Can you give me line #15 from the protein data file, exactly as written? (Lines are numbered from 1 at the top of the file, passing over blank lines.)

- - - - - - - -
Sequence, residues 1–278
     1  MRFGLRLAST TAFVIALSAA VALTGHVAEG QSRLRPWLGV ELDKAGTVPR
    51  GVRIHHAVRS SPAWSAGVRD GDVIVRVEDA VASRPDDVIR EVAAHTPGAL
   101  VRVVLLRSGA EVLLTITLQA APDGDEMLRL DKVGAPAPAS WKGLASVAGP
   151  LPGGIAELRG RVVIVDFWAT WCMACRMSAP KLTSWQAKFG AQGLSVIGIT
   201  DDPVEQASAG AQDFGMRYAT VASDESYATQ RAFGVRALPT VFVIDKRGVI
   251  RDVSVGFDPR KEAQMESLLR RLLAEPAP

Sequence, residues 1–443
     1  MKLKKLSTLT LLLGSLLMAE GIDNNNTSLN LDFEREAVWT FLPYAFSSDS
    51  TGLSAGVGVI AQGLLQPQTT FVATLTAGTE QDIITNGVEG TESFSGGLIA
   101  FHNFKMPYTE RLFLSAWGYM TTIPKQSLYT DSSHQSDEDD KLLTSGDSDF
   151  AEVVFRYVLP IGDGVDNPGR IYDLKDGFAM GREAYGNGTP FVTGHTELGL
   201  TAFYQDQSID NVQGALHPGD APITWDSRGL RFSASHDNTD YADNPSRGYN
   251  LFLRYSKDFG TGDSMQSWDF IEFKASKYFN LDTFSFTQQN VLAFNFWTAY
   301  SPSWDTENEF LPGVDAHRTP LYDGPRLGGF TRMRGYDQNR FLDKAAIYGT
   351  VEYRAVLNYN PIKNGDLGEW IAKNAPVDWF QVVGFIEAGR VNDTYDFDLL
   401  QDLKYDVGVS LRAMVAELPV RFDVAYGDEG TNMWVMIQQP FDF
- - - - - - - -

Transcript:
   301  SPSWDTENEF LPGVDAHRTP LYDGPRLGGF TRMRGYDQNR FLDKAAIYGT